Next Man Up

Henry IV: Part II, Act I

There’s a famous saying in American football: “The most popular player on the team is the backup quarterback.”  For those who either aren’t familiar with the NFL or have no idea what the expression means, it refers to the human tendency to believe that a simple switch is all it takes to fix whatever ails you.  The devil you don’t know versus the horndog you do.

Shakespeare shows us that this penchant goes way back, long before Walter Camp and others created the first rules for what would one day become the most dominant sport in the United States.  Which is a roundabout way of saying that what we find at the start of Henry IV, Part Two is a bunch of fed up malcontents desiring regime change because it beats the guy they got in charge now.

“Throw the bums out,” is another popular expression in American sports politics, referring of course to the same phenomenon, but through (we hope) an orderly electoral process.  It amounts to the same thing, really: out with the old, in with the new, maybe this go round will turn out better.  It usually doesn’t, but hey, memories are short and what else ya gonna do?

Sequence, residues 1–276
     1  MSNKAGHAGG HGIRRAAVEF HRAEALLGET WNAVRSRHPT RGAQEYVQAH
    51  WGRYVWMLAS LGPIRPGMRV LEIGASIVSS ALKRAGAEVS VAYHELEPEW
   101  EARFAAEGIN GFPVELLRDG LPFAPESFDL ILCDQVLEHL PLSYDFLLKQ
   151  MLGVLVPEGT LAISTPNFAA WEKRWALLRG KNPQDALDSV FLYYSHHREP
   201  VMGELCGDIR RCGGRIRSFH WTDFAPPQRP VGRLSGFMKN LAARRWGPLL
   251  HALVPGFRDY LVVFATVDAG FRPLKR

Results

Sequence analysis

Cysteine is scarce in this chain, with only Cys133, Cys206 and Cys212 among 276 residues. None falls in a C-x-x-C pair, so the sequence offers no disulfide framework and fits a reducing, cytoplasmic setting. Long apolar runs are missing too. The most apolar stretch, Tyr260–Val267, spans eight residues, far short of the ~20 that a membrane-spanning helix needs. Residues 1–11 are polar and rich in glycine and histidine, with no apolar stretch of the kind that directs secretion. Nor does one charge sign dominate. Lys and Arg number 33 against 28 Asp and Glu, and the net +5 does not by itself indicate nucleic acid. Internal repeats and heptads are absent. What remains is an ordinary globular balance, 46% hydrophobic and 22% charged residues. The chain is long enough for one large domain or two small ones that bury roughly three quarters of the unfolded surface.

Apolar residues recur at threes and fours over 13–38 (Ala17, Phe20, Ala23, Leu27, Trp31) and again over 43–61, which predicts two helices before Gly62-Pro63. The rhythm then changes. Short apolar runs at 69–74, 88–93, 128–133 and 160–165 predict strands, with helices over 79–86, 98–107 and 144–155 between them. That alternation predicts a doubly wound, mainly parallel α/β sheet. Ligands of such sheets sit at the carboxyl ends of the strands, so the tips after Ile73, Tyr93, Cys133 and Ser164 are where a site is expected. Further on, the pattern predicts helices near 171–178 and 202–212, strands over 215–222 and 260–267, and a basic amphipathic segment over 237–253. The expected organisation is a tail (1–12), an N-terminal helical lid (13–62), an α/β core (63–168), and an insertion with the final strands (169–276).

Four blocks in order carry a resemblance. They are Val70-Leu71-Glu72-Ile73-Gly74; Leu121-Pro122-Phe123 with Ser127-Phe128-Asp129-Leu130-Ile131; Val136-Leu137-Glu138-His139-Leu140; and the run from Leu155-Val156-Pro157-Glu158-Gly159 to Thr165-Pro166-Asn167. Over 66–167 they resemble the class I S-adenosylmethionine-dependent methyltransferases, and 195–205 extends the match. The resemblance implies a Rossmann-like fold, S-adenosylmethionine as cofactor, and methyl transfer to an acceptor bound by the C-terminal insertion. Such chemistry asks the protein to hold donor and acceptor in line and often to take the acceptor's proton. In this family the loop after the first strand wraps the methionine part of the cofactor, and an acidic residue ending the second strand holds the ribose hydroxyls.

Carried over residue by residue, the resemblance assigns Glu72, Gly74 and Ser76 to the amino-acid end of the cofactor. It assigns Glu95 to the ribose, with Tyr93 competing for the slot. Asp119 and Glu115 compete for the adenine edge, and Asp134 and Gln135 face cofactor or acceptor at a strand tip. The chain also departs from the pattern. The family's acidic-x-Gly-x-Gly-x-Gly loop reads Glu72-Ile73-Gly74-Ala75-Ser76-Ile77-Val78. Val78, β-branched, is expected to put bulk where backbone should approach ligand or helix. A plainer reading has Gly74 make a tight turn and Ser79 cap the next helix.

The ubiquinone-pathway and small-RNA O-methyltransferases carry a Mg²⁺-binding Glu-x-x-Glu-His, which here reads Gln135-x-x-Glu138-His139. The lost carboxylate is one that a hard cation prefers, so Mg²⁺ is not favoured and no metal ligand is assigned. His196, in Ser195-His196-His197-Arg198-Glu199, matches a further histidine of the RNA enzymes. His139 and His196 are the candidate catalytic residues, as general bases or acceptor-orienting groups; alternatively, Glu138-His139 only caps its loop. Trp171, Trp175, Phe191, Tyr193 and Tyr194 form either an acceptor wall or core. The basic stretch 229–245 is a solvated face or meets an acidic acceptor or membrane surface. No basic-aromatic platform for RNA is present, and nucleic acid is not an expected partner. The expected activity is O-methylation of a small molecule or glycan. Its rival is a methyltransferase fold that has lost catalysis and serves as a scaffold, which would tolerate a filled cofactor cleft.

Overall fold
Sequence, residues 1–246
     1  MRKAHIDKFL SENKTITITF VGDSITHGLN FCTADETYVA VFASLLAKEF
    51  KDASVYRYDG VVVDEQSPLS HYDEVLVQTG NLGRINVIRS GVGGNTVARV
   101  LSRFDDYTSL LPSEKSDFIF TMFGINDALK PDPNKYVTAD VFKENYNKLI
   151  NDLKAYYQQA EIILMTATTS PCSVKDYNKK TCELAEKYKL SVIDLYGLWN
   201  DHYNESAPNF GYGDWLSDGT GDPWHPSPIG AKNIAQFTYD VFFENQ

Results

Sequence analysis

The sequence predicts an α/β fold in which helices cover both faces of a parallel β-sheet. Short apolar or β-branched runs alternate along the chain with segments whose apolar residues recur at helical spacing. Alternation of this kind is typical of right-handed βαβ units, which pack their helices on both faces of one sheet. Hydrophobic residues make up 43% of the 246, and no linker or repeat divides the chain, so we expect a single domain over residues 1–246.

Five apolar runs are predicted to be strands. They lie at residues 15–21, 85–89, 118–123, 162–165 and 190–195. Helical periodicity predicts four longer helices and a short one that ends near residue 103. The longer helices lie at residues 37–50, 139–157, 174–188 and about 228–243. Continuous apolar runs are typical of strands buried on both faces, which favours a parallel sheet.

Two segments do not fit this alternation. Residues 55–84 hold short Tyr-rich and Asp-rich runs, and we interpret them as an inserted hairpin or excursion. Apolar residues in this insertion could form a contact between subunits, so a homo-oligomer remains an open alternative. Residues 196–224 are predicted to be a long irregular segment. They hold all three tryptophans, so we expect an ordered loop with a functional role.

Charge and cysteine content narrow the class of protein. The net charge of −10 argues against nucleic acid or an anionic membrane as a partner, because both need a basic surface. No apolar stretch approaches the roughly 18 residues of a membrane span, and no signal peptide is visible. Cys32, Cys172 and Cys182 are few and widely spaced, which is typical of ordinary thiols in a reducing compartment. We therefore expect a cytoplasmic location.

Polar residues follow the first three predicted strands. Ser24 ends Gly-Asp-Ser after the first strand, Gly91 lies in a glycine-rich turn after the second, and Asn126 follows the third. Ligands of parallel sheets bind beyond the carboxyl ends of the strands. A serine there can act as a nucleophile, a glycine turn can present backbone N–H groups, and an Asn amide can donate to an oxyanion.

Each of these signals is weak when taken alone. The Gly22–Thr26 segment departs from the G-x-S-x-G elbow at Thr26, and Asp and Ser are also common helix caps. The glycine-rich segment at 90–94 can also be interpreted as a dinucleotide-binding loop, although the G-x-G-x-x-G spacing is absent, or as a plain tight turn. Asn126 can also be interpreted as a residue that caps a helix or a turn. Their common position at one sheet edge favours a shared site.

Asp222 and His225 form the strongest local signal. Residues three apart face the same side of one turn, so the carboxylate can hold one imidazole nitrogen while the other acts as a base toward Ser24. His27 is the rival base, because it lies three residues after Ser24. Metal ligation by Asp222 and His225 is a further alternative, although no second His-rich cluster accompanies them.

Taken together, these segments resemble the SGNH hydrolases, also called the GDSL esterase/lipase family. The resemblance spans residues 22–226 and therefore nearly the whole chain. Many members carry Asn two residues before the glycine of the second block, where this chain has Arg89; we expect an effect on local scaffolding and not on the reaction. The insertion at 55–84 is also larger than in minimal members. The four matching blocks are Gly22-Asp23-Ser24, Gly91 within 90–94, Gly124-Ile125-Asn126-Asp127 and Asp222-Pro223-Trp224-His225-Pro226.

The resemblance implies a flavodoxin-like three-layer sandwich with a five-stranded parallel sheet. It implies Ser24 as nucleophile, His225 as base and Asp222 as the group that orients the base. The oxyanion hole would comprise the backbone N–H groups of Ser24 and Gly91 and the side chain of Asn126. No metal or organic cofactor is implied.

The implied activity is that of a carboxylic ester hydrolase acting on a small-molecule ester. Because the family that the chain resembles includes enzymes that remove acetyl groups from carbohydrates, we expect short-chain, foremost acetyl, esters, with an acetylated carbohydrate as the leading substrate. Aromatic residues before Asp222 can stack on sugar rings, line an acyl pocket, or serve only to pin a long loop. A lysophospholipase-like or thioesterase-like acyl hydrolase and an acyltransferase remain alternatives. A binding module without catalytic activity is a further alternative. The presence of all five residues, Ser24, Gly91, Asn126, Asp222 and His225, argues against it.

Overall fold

On a sad note, Part Two begins with the mighty Northumberland learning second-hand that his son, Hotspur, is dead.  Shakespeare complicates the scene by having the news travel unreliably by pony express, so that what Northy first hears is that his son is alive, the king is mortally wounded and the rebels scored a decisive victory.  That almost trumps DEWEY DEFEATS TRUMAN for blowing the banner headline.

By now Northumberland is old and weary, yet the personal loss spurs him into suiting up one more time and riding out for another battle, probably his last.  He is buoyed, however, by word that he and his men will be facing a divided royalty, with Glendower, the Archbishop and all the other latecomers who let Hotspur down now causing the king to have to split up his counter attack.

The odds are stacked tremendously against the insurgency at this point, but now they have little choice other than to carry on.  The offer of pardon is likely off the table for good.  Anybody involved in this mess will almost certainly end up like Worcester, only without a famous sauce named after him.

There follows an utterly forgettable Falstaff scene which only makes me wish to hasten the moment that Hal drops him like a bad habit.  I realize I’m tipping my hand here and that what’s to come remains controversial to this day.  But I don’t care much for Falstaff.  I’m just curious now how it all goes down.

As a theme song for this section of the play, I keep hearing this anthemic ear worm burrowing in my brain. Sing along, kids! You know the words.

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